The Nigeria - Biafra War Letters - Interview with Author: Abiodun Adekunle


Interview by Richard Lorenzo, Bowker Magazine (May 04)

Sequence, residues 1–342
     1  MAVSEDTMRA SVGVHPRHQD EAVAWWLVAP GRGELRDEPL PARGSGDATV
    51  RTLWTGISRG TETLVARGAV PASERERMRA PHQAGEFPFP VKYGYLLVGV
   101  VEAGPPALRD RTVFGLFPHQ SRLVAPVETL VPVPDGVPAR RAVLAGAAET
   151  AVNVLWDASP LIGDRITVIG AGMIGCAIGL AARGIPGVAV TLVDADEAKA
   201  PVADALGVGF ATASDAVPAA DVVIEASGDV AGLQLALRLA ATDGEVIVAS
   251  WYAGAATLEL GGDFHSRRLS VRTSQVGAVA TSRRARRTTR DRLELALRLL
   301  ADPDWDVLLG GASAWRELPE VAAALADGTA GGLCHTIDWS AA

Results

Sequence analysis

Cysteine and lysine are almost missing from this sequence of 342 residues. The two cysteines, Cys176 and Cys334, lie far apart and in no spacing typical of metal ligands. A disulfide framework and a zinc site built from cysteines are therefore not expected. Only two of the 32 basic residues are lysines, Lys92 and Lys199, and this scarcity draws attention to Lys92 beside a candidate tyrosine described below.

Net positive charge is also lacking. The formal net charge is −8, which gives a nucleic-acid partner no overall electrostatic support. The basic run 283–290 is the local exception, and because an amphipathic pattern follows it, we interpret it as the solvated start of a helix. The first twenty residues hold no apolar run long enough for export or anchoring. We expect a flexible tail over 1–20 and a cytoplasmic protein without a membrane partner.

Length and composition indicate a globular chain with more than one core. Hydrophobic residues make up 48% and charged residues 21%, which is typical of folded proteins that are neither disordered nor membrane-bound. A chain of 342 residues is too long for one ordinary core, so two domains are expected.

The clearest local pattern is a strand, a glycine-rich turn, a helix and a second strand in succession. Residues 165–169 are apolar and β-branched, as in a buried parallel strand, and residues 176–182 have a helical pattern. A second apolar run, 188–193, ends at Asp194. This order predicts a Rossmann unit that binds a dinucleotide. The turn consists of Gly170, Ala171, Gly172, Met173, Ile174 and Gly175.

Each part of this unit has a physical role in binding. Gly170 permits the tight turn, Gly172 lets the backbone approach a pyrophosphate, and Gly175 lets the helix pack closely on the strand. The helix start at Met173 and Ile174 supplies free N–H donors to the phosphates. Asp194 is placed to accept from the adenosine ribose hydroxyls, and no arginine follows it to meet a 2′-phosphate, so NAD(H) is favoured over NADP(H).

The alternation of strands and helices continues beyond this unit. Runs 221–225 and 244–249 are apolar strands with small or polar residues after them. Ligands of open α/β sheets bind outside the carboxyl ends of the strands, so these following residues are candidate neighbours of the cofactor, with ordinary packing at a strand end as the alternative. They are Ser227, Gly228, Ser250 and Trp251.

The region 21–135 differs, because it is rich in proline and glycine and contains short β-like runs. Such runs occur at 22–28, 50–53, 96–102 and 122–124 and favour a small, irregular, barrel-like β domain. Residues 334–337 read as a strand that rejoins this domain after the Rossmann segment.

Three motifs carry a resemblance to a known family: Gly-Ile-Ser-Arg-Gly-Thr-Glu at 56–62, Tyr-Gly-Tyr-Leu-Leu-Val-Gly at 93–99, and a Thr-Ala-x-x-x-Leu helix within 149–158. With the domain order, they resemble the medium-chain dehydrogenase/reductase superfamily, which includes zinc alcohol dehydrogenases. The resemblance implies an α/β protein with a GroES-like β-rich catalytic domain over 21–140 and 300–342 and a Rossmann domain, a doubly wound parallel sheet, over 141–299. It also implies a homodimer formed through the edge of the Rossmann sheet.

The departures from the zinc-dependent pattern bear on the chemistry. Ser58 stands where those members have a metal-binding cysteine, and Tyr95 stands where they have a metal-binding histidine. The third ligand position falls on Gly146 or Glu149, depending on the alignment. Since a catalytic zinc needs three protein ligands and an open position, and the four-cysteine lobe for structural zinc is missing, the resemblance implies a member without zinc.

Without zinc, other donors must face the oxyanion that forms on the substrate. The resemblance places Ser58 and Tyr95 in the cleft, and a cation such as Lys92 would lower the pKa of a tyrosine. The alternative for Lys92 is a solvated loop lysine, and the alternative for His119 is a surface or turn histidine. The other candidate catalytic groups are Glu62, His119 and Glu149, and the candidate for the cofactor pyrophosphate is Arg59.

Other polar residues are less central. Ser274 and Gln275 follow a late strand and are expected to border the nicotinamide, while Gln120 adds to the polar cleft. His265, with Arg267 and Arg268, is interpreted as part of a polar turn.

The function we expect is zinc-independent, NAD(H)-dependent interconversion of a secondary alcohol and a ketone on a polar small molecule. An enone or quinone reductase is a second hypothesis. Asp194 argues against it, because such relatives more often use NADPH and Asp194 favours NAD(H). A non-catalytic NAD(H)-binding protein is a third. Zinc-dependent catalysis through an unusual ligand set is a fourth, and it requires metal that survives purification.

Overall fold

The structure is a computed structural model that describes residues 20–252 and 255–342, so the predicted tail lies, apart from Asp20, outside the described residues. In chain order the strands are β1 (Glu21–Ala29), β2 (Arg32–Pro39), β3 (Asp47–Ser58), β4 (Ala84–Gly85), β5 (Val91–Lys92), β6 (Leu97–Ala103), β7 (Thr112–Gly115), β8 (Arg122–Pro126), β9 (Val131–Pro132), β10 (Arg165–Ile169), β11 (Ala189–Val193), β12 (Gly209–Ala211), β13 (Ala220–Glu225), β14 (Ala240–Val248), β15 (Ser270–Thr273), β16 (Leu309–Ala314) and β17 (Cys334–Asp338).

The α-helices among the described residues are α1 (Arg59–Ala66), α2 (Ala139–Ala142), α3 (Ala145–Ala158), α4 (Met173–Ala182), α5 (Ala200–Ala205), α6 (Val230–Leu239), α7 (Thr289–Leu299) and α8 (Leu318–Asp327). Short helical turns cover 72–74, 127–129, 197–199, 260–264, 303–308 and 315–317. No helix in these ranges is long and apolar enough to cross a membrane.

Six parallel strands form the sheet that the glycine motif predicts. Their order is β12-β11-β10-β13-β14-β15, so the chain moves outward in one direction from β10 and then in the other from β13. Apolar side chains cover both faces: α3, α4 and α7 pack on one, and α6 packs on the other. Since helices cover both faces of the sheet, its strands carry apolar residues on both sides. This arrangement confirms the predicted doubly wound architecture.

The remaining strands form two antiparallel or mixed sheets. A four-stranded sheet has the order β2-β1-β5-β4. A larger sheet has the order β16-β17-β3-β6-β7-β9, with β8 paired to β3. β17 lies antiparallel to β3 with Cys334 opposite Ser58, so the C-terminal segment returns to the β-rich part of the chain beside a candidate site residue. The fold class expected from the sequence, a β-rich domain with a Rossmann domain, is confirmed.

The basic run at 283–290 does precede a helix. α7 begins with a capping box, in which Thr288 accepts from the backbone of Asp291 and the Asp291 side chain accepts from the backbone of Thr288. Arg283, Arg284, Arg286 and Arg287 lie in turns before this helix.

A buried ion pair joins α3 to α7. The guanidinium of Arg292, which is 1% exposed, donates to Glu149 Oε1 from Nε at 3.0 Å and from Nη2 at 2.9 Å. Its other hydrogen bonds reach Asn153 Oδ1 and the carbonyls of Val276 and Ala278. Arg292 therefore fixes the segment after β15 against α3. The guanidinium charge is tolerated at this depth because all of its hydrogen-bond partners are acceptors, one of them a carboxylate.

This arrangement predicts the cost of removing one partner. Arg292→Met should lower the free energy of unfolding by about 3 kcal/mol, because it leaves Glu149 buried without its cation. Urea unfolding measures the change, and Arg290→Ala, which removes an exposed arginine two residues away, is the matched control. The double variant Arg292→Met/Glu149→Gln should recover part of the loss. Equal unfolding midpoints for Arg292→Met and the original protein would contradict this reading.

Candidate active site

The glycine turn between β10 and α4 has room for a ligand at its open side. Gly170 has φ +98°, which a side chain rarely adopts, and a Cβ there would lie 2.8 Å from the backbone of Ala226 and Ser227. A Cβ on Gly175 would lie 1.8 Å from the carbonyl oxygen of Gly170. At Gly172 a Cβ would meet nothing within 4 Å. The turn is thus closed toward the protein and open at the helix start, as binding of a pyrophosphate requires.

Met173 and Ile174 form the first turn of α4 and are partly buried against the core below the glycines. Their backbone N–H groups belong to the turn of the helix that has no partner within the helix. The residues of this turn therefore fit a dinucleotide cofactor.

What inspired you to write The Nigeria Biafra War Letters "A Soldier's Story"?I was inspired to write this book for a number of reasons really.  The majority of the letters had been in my possession for a number of years, and I felt they told a story in themselves, one whose perspective was not often represented in other publications about the Nigeria Biafra war.  These letters expose the politics and behind the scenes intrigue of the Nigeria Biafra war in a very direct and unfiltered way, which I hope lends to the objectivity of the story.  I also feel that these letters lend to the civil war litany in a different way and add a missing dimension to our documentation of that tragedy which took place during 1967-1970 because the letters capture the atmosphere and interaction as it was, not as my father remembers it.  You know, letters and correspondence also tell their own story, especially as they were written during the heat of the conflict.  We all know many prominent actors of that war have had their say albeit several decades later, and in hindsight when embellishment and bad memory coupled with ego can cloud anyone's judgment looking back over several decades, and letters restrain those urges.So I sought to compile, edit and publish these letters as I felt they belong not to me, but to the Nigerian masses as they do represent Nigerian history.  There have been perhaps hundreds of books written on this tragic topic, but I don't know of one out there that tells this story quite in this way. I also feel some of the letters refute some long standing historical misconceptions about my father, which over the years have grown to assume the status of historical fact.  And I am speaking about his disposition towards the Easterners, some of whom insist his brutality in war was motivated by his genocidal agenda for ethnic cleansing.  My father is an extremely controversial figure in this regard, and as I say in the book, I didn't write this book as an apology for his actions or to defend him as you can't really defend the indefensible, besides he is still alive and speaks and writes extensively about his participation in the Nigeria Biafra war.  However, it is my hope that this book succeeds in providing some insight into the zeal with which my father and others championed the ideal of 'One Nigeria' during the war; into the way in which he perceived his mission and duty to his fatherland and also, into some of the severe constraints he labored under while striving to discharge his duty.And furthermore, I am of the school of though that believes that to chart a course towards a stable and productive future, it is imperative that we, as a nation and a people, fully come to terms with our past.  With the very recent rumblings, the political and social frustrations in Nigeria, the beating of war drums within Nigerian society is an increasingly familiar sound.  I wanted to make a contribution, albeit a very modest one to the promotion of dialogue, further understanding, reconciliation and peace amongst my deeply divided compatriots.  Since the advent of the return to democracy in 1999, we have seen more deaths, more political assassinations, and more social economic instability.You include a very powerful poem entitled "War" in your book.  What were you experiencing in 1992 when you wrote it that resulted in your riveting indictment of people and war and the inevitable consequences?Well thank you for that.  That poem has always meant a great deal to me being so very much anti-war and conflict.  The whole world was fixed on Desert Shield, and then Desert Storm, which ended I think in 1991.  In Nigeria we were going through a series of political upheavals which looked as though we were heading for a cataclysmic and violent end.  I tend to look at the world and our proclivity to solve our issue through violence and bloodshed, and one day I sat down and wrote that in a few minutes in reflection, I guess out of frustration really.  I think there are enough war mongers in this world.  There are too many people who believe violence will solve or aid their cause or make a stronger case for that cause.  You know, I can fully appreciate going to war as an act of self-defense when you are attacked on you homeland, or defending yourself in kind when violently attacked.  I am not a pacifist by any stretch.  When I look around the world, what I see is a world that needs more peacemakers and bridge builders, more wound healers and less flame throwers.  Given a choice even if that choice is the one less traveled, I would rather walk the path of a man of peace, than a man of war.  This is somewhat ironic considering the fact that my great-grandfather, my grandfather and my father before me where all military men, and at one point in my life, I was seriously considering a career in the army.  So you talk about experiences, but that represents a heritage of military men and of warfare.What led to you drawing conclusions in your book that the controversial accusations about genocide against Biafran citizens were in fact "very real"?It would be disingenuous for anyone to research and study about the Biafran war and not come away with that conclusion.  And I am not going to deflect the question which ultimately leads to my fathers doorstep.  There is no question that my father fought the war with a brutal and savage zeal.  I say this much in my book.  However, there is no doubt that in his mind as a war commander his mission which was paramount to him was to win the war, and not to ethnically cleanse and kill all Ibo's.  However way it was fought, I believe it was terribly wrong, and my father has said that himself on several occasions as I say in the book.  This represents a very painful and controversial experience for Ibo's who lived through that war, the massive civilian casualties they experienced.  If it wasn't by bombs and soldiers bent on killing civilians, the war planners were instituting policies of economic strangulation, which is not new to warfare, but to try to justify and defend a policy of starving a civilian population as a legitimate tool of war to would be reprehensible.  What I find equally disturbing is when I often hear people speak about the 'rules' of war, when in my opinion most wars and conflicts represent the madness in humanity and a manifestation of the evil lurking in the hearts of mankind.  I come to this conclusion because in the vast majority of wars and conflicts the greatest victims are always the weakest in the society, the civilians, the women and children.  In the case of the Ibo's even months before the war they were victims of pogroms in the North, and thousands of Easterners were killed in these attacks.Did Colonel Benjamin Adekunle, your father share these letters with you during your formative years?  What prompted you to commit to publishing the remarkable oral accounts of his service leading the 3rd Marine Commando division?My father never shared any of his experiences during the war with me.  Everything I know about the war and his participation in it I have derived from research by sorting through his personal records.  Now, I don't mean we have never talked about this, usually after I have read an account by someone else and require more insight or his perspective, he will give that.  But sharing war stories at dinner is not a tradition I grew up with.  I think he did that intentionally with us to create some distance with the controversy of the war policies and the controversial figure he became.  In fact, I often find myself reading accounts either from historians or personal civilian memoirs and find myself feeling righteously indignant about the injustice of that conflict.  I have to remind myself that I have a direct connection with the most controversial figure of the conflict, which is not something that I can easily convey, its a pretty surreal experience actually.  I have often spoken to my father after reading something particularly disturbing in a very confrontational and indignant manner forcefully inquiring about the circumstances of the particular story.What does he tell you?He will often listen to me go on and on, and then give me his perspective and his recollections.  It's a little like someone who is a bomb maker, and someone who has the bomb dropped on their home, they both experience the same product, but their experience of it are extremely dissimilar.  How have the letters affected your relationship with your father? Have they helped to share your thoughts about the turmoil of those times?  How will The Nigeria Biafra War Letters "A Soldier's Story" be compared to other books on the same subject?Do you feel that the Biafran revolution has helped to lead the way for the Black man to determine the cause of his existence on earth and his role in fighting against oppression?I don't know if this particular project has affected our relationship.  I do know that going through the mountains of material I had at my disposal has given me a broader understanding of the conflict in general and my fathers part in.  Particularly through the prism of the letters, which convey the unmistakable impression that my father strongly believed in the ideals of  'One Nigeria', even as the methods he and his military overlords employed were extremely controversial.  Ultimately, The Nigeria Biafra War Letters will add to the quantity of information available about the war and should help to enhance our understanding of events leading up to it.  It should also help fill some gaps in the historical records of the period; for example, little has been written about the internal decision making process of the military High command in the course of the war, or about the motivations of some of the federal officers who played pivotal roles in the bloody conflagration.  There are some Ibo's who see the Biafran revolution only in its purely historical and territorial expression.  We know that expression was brutally crushed.  But you raise a very intriguing and pertinent question.  General Ojukwu gave expression of this premise as the Biafra of the mind.  This premise states that as long as the underlying factors of injustice, oppression and repression, environmental degradation, economic and fiscal exploitation, the yearning for the non-territorial Biafra will never die.  Even if this yearning becomes a battle cry for other ethnic groups and  minorities within the Nigerian space, such as the Ijaw and the Ogoni of the Niger Delta.  The example of Ken Saro-Wiwa is rather apt in illustrating that point.  An environment filled with injustice and exploitation is fertile ground for violence and instability.  So yes, in a way the Biafran conflict has transcended that space and time, and other Ibo's have a much more liberating view of what Biafra means and its significance as the innate ability of Africans to struggle for self-determination and to become a symbol for self-defense not just for Ibo's but to represent a yearning for African originality, and African autonomy, which I have no doubt a surviving Biafran territory would have become.  Indeed as she was during the 30 months of strangulation.How would you access your father's time as a career military leader?In a word, wasted.  I think my father was guided from very early on in his military career by his high ideals and principles which centered on blinded nationalism to his fatherland.  I think this in part explained his brutality in crushing the 'rebellion'.  As he has said himself on many occasions, many of his military peers in government of the day, did not share this ideal.  My father was a very strict and polished soldier in the British mold.  He was trained at Sandhurst military academy in England.  He cherished the army.  He was a soldier's soldier who never participated in a single coup in his whole career.  He had a lot more to give his army and his nation beyond the revelrous destruction he championed so well, and he proved this in 1970 right after the war ended when he was asked by the Head of State, General Gowon to form a Military task force to clear the ports.  At the time the Nigerian port system had developed sever congestion and our economy was suffering enormously.  My father cleared the ports in record time and saved the economy.  Even through that period when he would deposit about fifty million pounds or dollars a month, I can't remember the currency, his detractors would seek to 'discover' how much he had kept for himself, they badly needed a pretext to remove him from the army, so unnerved and threatened as they were by his can do attitude.  Four years later they fabricated one and he was forcibly retired.  So yes, wasted.  I have told him personally, I think he was fighting for the wrong people.What does he say to that last remark?Nothing.What were the greatest obstacles preventing the implementation of self-rule, educational freedom, economic independence and social justice?  Are there fewer obstacles nowadays in places with similar circumstances?By far the greatest obstacle then and now has been the discovery of oil.  This is unmistakable and rather unfortunate.  For most nations the discovery of oil has spurred development and industry, unfortunately in our case it has been the opposite in fact.  Oil has been a burden, and a source of great pain.  No doubt a few thoroughly morally bereft elites have used this national resource as a source of personal self-enrichment, and as a consequence currently have the nation by the yoke.  The pain of the Ogoni and the reality of environmental degradation is caused by the discovery of oil.  The social instability and insecurity of the Niger Delta is caused by the discovery of oil, and if there was no oil in the Biafra, I very much doubt the military orders would have been given to destroy Biafra.Do you have any advise for someone like yourself desiring to write a book like The Nigeria Biafra War Letters "A Soldier's story?The main consideration for someone wishing to publish a book is motivation.  You have to determine what motivates you to write.  Are you writing for self-satisfaction, to acquire money or for educational reasons.  Once you figure that out then you can proceed with an appropriate avenue for you.  Publishing is extremely time consuming and the most fundamental advice I would give is make sure you get the best product you can either to an agent, or if you decide to self publish, to market.  If you feel you have a great product and your desire is to make a lot of money, then you certainly want to have publishing houses bid on your work through a literary agent.  On the other hand if you only want a few copies printed for vanity purposes, you can go with what's called a vanity or subsidy printer.  In this case you are paying for printing even though you don't own the rights to you book.  The best method in my view, is to become a self publisher, or to associate with a  publisher.  For me what was most important was to retain total control of the work, and I wouldn't give that up for a million dollars to any publishing house.  When I decided to publish this work, I approached a group of associates who had just embarked on a publishing concern and that afforded me editorial control of my publication which to some extent you give up when you sell your publishing rights.Thank you